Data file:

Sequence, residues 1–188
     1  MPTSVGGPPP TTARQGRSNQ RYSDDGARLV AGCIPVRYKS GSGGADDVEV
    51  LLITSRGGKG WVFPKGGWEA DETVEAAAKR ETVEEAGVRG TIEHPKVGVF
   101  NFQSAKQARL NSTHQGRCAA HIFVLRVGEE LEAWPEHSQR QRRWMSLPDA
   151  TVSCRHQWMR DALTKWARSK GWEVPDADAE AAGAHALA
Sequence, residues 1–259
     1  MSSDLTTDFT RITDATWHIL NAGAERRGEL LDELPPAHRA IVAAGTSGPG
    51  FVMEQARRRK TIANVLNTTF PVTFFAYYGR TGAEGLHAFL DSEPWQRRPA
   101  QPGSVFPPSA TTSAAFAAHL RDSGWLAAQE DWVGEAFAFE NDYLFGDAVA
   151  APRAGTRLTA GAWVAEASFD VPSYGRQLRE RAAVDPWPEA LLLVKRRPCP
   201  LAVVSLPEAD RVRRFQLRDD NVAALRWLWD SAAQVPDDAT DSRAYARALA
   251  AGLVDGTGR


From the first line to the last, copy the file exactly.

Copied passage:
Sequence, residues 1–188
     1  MPTSVGGPPP TTARQGRSNQ RYSDDGARLV AGCIPVRYKS GSGGADDVEV
    51  LLITSRGGKG WVFPKGGWEA DETVEAAAKR ETVEEAGVRG TIEHPKVGVF
   101  NFQSAKQARL NSTHQGRCAA HIFVLRVGEE LEAWPEHSQR QRRWMSLPDA
   151  TVSCRHQWMR DALTKWARSK GWEVPDADAE AAGAHALA
Sequence, residues 1–259
     1  MSSDLTTDFT RITDATWHIL NAGAERRGEL LDELPPAHRA IVAAGTSGPG
    51  FVMEQARRRK TIANVLNTTF PVTFFAYYGR TGAEGLHAFL DSEPWQRRPA
   101  QPGSVFPPSA TTSAAFAAHL RDSGWLAAQE DWVGEAFAFE NDYLFGDAVA
   151  APRAGTRLTA GAWVAEASFD VPSYGRQLRE RAAVDPWPEA LLLVKRRPCP
   201  LAVVSLPEAD RVRRFQLRDD NVAALRWLWD SAAQVPDDAT DSRAYARALA
   251  AGLVDGTGR